Praise for Peter Schoenmakers again puts him on 'Power List'
The 2017 edition of the Power List compiled by the magazine The Analytical Scientist features ten categories. Peter Schoenmakers of the University of Amsterdam's Van 't Hoff Institute for Molecular Sciences (HIMS) is listed in two of these 'Magnificent Tens'. As runner up in the separation scientists category and at third place in the leaders section he continues his strong performance in this bi-annual international listing of academic relevance.
The Analytical Scientist Power List is a ranking of the most influential people in the analytical sciences. It is based on a poll among the readers of the magazine and the visitors of its website who nominate scientists, engineers, software developers or business leaders.
In both the 2013 and 2015 editions Schoenmakers, who since the beginning of this year also leads HIMS as scientific director, ranked seven internationally and third in a European perspective. For the current edition the nominations were made in ten specific categories, from the stars of separation science, to 'omics explorers', to the mentors training the next generation. This yielded Peter Schoenmakers a second and a third place in the categories separation scientists and leaders, respectively.
Forging the future
Schoenmakers earned his position as runner up in the listing of separation scientists because he is, as one of the nominators put it, "continually forging the future of separation science". An impressive example of this is the current Horizon2020 project Separation Technology for A Million Peaks (STAMP) for which Schoenmakers received an ERC Advanced Grant. In this he explores a three-dimensional approach of liquid chromatography to develop a system to separate up to a million compounds from complex mixtures. The STAMP results will help advance many fields of science, including (molecular) biology, chemistry, health, food, renewable energy and high-tech materials.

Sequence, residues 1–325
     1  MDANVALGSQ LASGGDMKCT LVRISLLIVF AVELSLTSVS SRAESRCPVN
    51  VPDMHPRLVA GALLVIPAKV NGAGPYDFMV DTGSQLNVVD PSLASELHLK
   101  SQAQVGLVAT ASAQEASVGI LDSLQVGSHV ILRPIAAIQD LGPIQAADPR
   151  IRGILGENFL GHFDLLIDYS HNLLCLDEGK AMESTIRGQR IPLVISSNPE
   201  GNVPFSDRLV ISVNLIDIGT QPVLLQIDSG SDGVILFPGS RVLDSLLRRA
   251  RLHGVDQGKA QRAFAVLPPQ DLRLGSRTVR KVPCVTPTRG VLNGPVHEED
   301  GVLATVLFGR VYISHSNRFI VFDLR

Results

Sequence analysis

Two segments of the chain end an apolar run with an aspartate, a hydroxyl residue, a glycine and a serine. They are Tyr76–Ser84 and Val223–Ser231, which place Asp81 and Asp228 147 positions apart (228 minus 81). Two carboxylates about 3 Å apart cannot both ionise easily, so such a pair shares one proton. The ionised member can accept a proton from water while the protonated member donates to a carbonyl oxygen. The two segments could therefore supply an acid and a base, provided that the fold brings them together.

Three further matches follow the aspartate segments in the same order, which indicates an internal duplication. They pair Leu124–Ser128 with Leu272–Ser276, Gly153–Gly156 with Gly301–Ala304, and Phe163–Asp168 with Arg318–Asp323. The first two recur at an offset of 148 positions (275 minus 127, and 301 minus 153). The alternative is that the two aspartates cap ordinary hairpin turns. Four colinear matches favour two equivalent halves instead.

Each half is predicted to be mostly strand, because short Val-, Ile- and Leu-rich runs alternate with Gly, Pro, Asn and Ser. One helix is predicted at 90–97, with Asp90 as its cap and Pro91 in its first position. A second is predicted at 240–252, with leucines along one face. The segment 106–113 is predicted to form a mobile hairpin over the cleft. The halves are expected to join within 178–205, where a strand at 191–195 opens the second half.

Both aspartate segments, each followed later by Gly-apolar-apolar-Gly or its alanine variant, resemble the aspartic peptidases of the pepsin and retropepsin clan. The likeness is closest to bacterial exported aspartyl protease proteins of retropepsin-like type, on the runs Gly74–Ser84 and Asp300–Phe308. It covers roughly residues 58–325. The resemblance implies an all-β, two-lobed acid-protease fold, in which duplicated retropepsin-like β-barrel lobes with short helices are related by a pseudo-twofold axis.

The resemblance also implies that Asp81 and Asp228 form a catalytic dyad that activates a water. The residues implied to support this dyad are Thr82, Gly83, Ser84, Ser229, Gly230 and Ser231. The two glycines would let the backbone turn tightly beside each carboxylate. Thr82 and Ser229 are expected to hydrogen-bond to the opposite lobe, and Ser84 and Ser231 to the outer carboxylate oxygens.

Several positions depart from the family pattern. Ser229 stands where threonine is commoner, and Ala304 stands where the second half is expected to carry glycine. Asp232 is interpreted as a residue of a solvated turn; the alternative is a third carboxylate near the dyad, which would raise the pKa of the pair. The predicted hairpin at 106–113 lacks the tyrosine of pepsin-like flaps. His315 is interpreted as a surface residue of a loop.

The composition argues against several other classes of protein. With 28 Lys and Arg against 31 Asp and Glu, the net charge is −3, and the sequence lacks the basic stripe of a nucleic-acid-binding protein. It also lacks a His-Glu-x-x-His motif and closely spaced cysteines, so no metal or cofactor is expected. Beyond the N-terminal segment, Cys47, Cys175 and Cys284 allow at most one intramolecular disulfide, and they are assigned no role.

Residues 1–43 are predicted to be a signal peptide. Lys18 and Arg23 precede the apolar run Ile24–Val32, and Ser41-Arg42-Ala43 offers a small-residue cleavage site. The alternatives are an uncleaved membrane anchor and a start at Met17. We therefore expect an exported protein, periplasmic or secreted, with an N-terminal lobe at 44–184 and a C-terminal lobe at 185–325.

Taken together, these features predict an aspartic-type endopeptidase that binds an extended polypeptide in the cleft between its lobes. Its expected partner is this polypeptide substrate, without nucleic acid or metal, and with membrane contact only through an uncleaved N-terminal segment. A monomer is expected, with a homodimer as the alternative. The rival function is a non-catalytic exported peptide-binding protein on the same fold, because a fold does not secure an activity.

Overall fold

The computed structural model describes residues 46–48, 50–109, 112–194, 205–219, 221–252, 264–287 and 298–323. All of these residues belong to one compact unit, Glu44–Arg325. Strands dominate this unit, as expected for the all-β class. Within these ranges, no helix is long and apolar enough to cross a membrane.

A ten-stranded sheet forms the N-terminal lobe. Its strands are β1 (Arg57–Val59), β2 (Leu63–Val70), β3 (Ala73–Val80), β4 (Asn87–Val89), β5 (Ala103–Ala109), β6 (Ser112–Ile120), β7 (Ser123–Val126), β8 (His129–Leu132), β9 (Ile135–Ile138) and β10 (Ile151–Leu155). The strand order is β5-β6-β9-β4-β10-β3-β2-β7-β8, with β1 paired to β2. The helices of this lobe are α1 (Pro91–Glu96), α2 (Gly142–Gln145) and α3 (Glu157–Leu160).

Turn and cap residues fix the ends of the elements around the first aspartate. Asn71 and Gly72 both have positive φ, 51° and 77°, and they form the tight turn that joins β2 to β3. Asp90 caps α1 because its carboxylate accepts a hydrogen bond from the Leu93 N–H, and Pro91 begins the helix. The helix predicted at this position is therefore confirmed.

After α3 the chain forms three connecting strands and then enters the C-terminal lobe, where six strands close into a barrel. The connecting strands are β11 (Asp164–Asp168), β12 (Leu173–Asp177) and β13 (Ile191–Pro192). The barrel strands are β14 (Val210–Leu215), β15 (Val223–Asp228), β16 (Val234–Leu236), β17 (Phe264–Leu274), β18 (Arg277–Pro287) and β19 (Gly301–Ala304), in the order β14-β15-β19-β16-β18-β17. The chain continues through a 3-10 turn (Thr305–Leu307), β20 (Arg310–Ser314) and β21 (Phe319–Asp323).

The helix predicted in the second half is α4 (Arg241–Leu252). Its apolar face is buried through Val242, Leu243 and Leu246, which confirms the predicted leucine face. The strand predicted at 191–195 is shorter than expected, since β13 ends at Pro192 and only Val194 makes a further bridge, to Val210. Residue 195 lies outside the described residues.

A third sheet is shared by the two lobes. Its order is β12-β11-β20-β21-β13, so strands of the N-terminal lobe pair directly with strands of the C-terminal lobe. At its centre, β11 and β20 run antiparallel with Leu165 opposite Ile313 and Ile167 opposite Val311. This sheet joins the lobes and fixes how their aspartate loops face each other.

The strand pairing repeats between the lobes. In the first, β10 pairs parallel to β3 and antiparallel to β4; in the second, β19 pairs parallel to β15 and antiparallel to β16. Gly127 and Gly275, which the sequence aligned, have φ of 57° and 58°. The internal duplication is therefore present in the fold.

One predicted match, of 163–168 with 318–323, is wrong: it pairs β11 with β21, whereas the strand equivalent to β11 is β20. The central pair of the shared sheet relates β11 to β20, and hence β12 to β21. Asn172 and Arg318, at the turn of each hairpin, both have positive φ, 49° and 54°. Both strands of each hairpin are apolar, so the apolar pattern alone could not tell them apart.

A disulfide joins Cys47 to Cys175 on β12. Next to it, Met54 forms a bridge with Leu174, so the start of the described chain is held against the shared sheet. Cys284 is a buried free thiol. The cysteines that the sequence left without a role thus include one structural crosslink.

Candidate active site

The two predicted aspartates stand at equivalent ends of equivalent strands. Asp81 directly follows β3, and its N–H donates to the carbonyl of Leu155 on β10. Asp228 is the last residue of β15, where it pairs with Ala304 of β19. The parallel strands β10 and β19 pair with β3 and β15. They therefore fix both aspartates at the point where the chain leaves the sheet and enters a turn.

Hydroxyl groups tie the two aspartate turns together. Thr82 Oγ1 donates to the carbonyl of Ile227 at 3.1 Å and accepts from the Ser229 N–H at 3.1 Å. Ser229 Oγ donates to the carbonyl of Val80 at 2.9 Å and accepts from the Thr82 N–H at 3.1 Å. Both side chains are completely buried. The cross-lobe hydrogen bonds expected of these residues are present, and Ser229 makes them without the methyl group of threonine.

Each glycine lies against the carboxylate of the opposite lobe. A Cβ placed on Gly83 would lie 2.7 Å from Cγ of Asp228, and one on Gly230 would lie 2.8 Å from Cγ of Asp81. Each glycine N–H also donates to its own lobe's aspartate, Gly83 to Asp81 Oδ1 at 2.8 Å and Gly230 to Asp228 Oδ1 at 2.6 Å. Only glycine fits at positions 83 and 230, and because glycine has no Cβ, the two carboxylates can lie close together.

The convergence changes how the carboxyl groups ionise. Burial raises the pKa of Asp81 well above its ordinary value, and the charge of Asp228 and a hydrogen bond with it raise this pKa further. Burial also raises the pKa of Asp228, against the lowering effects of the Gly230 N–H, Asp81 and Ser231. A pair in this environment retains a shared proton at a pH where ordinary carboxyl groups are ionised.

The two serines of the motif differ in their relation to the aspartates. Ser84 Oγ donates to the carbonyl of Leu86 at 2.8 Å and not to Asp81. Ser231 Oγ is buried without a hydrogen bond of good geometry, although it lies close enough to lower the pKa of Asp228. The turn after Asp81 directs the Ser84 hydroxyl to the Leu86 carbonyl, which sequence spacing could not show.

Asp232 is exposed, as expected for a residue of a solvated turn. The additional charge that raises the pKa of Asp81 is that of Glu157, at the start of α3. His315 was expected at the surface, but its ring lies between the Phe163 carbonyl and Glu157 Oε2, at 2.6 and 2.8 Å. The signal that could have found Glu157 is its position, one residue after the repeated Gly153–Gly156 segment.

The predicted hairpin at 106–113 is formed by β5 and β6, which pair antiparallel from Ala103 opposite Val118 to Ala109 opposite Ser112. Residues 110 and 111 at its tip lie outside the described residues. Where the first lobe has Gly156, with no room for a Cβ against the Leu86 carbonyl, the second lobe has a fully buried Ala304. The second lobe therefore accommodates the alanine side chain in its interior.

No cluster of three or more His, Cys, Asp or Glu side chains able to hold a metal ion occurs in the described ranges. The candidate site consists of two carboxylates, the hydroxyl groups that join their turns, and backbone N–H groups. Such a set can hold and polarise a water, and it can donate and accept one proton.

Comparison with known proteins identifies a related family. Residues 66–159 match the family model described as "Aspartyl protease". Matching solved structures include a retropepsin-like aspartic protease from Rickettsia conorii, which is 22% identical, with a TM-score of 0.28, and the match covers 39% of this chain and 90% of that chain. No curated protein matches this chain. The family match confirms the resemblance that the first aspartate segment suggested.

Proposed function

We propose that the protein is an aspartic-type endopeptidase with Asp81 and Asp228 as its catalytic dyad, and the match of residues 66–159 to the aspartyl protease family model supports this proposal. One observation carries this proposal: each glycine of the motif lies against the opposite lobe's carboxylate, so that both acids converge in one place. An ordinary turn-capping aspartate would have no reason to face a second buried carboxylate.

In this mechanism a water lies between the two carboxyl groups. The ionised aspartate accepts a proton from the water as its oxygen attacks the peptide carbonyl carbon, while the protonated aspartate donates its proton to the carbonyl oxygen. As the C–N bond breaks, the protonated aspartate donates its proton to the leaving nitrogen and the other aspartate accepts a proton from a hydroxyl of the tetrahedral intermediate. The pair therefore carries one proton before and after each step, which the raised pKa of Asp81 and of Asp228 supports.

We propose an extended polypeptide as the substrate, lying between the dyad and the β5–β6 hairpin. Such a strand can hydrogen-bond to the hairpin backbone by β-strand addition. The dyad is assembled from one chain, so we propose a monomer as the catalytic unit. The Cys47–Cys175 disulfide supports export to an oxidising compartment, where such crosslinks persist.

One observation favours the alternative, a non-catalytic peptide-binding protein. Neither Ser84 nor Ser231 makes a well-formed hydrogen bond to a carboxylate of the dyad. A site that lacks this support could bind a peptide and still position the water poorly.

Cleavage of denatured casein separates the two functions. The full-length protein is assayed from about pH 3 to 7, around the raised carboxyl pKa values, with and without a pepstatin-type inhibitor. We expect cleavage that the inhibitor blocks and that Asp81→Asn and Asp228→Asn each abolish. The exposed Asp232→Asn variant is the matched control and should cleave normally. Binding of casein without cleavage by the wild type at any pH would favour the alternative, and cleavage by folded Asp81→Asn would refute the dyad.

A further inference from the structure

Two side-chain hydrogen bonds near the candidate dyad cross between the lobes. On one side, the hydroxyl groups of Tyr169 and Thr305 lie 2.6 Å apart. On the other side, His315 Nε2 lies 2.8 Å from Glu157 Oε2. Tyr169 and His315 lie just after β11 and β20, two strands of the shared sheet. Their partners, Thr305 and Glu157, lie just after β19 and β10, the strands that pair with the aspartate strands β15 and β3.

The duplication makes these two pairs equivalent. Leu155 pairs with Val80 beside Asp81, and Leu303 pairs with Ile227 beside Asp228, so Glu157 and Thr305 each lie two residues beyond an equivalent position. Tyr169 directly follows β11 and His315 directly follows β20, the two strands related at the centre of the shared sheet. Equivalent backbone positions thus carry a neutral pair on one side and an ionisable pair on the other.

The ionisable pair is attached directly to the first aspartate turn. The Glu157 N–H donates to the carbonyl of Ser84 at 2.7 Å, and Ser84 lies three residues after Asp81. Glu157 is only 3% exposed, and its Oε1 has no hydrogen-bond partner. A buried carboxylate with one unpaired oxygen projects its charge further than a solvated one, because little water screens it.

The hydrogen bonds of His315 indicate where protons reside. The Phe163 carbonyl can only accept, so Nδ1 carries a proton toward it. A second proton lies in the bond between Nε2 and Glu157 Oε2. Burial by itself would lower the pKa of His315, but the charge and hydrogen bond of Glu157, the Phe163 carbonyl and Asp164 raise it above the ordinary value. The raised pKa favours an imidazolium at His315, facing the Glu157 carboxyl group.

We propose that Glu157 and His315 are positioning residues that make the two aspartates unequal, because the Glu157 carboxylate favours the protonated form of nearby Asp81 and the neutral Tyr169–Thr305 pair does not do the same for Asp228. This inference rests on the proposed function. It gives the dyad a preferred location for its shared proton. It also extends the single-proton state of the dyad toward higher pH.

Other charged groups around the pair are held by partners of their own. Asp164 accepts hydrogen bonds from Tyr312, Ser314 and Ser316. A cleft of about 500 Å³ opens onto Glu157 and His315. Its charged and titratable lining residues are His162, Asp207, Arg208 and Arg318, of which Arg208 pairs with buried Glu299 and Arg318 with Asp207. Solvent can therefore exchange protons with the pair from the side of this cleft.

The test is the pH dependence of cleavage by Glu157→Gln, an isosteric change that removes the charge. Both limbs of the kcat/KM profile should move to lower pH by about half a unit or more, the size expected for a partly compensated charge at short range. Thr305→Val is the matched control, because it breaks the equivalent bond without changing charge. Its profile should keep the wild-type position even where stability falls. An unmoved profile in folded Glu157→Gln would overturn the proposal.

Training the next generation
Schoenmakers ranks third among the leaders in the Analytical Sciences since he "is the face of analytical science in Europe and has spent much of his time training the next generation" - again a quote from a nominator. According to Schoenmakers he is highly motivated by working with excellent young people, "who keep asking challenging questions every single day". In his view, one of the challenges lying ahead for the analytical sciences is the education of a next generation of scientists "who are capable of using and understanding the ever more complex techniques and instruments available - and the application domain they work in. Underqualified users are using instruments as black boxes, which creates great risks."